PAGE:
(continued from The Grand Inquisitor, this being it's second installment)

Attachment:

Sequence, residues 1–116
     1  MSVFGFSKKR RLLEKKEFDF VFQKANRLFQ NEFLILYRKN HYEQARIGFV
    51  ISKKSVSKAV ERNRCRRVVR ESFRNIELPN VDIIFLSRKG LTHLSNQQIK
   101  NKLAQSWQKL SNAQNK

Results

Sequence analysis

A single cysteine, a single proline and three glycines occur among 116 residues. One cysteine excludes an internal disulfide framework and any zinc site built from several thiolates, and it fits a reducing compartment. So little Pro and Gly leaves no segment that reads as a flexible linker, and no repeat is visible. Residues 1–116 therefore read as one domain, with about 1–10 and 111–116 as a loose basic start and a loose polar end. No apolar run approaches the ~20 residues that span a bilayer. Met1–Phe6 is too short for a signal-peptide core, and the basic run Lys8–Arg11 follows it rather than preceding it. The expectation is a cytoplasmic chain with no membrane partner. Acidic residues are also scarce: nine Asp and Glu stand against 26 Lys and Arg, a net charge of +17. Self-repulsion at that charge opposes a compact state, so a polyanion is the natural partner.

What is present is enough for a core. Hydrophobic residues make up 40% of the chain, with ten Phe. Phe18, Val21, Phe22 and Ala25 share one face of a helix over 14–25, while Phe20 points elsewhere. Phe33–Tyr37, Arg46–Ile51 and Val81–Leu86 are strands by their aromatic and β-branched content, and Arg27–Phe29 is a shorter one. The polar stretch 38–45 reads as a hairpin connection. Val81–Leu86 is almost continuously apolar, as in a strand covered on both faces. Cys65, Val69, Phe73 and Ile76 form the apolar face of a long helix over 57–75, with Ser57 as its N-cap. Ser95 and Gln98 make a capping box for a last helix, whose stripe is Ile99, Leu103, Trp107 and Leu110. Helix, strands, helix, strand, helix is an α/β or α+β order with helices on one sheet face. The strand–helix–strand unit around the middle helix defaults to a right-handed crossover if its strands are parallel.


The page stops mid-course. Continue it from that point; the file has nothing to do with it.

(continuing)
(just a little note, there are no paragraph breaks, that's not my fault. Dostoyevsky was one of those guys that could just do that, go for chapters in a single paragraph.)